Laparoscopic surgery has been widely utilized, with technical advancement and procedures consistently developing. Robotic laparoscopic hysterectomy is but one example of innovation in gynecologic surgery.
Despite refinements in surgical technique, patients undergoing pelvic operations still develop complications, including injury to surrounding organs such as the bowel, bladder and ureters, sometimes resulting in incontinence. Complications stemming from gynecologic surgery have the potential for litigation because any degree of incontinence may draw sympathy from jurors, making the patient an attractive potential plaintiff.
In addition to a plaintiff’s attorney arguing that the physician negligently caused the injury, it will invariably be claimed that the patient was not fully informed of the known surgical risks. As the defense to the underlying injury is often that it was a known complication of the procedure, the plaintiff’s attorney may focus on the informed consent claim. At trial, a lack of informed consent claim requires that the plaintiff demonstrate that the provider failed to advise the patient about the procedure and its benefits, the alternatives to treatment, and the reasonably foreseeable risks. Although there are legal defenses to an informed consent claim, the sufficiency of the information provided may ultimately be decided by lay jurors with the assistance of medical expert testimony.
Documentary proof of the sufficiency of a physician’s practice for obtaining the patient’s consent can be of major assistance in persuading a jury in favor of the defense. One of several effective practices includes scheduling two presurgical office visits during which the proposed operation is discussed. The first visit will include a discussion of the risks, benefits and alternatives to treatment. The second will include signing the consent form. The time between the two visits allows the patient to digest the information before agreeing to treatment.
Equally important to informed consent is the documentation that can be used years later to prove it was obtained. As the plaintiff will almost always claim she was not warned of any serious risks prior to surgery, whereas the surgeon will testify otherwise, it often becomes a “he said–she said” dispute ultimately left to the jury to decide who is telling the truth. And sympathy frequently tilts the battle in the plaintiff’s favor. Consequently, documentation is critical in deciding this issue. Importantly, a signed, generic, hospital consent form is often insufficient to convince a jury that the patient was adequately informed of specific risks. Detailed documentation in the office chart specifying what the patient was told is persuasive but often attacked by the plaintiff’s attorney’s argument that information was added to the record after the complication occurred. We have found that an effective method of persuading jurors to side with the physician is supplementing the informed consent discussion with a written consent brochure signed by the patient detailing the purpose of the surgery and alternatives to treatment, and specifying the important complications. As the plaintiff will be hard pressed to argue she was not informed of surgical risks when her signature appears on a detailed pamphlet, many of our clients have retained us to prepare consent forms for specific surgical procedures.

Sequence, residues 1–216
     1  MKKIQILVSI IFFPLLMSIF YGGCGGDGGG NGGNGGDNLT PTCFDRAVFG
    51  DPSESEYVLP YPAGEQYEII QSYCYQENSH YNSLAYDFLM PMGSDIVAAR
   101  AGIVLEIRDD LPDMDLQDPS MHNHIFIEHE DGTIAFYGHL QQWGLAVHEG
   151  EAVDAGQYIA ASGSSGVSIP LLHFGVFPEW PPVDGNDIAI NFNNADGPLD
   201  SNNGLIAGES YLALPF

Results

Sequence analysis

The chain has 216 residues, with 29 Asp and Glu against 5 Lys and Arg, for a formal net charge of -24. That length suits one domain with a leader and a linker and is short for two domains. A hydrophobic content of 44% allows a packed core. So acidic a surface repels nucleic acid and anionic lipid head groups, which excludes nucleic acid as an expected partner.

As the risk of injury to the bowel, bladder or ureters during pelvic surgery has been cited to be up to 2 percent, even the most experienced surgeon is likely to encounter such a complication at some point. Defending against a potential medical negligence lawsuit begins before the patient is ever brought to the operating room. Having complete documentation not only assists in defending lawsuits, but it can and often does deter patients and their attorneys from filing suit in the first place.
Anthony M. Sola is a Senior Partner at Martin Clearwater & Bell LLP. Daniel L. Freidlin is a Partner at Martin Clearwater & Bell LLP. For more information, visit mcblaw.com.